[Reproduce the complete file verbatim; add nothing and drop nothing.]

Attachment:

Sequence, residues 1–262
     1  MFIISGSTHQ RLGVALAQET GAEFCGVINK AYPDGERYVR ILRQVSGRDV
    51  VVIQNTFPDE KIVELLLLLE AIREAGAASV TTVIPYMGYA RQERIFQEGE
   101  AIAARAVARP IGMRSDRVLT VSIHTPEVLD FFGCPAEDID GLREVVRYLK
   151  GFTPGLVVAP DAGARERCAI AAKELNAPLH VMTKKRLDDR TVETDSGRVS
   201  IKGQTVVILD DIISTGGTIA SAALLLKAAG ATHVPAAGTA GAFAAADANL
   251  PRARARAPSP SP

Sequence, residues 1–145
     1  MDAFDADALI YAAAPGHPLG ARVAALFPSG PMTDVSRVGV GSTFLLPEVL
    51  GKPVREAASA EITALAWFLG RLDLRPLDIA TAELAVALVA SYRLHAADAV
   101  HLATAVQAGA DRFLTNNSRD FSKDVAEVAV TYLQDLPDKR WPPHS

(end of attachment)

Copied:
Sequence, residues 1–262
     1  MFIISGSTHQ RLGVALAQET GAEFCGVINK AYPDGERYVR ILRQVSGRDV
    51  VVIQNTFPDE KIVELLLLLE AIREAGAASV TTVIPYMGYA RQERIFQEGE
   101  AIAARAVARP IGMRSDRVLT VSIHTPEVLD FFGCPAEDID GLREVVRYLK
   151  GFTPGLVVAP DAGARERCAI AAKELNAPLH VMTKKRLDDR TVETDSGRVS
   201  IKGQTVVILD DIISTGGTIA SAALLLKAAG ATHVPAAGTA GAFAAADANL
   251  PRARARAPSP SP

Sequence, residues 1–145
     1  MDAFDADALI YAAAPGHPLG ARVAALFPSG PMTDVSRVGV GSTFLLPEVL
    51  GKPVREAASA EITALAWFLG RLDLRPLDIA TAELAVALVA SYRLHAADAV
   101  HLATAVQAGA DRFLTNNSRD FSKDVAEVAV TYLQDLPDKR WPPHS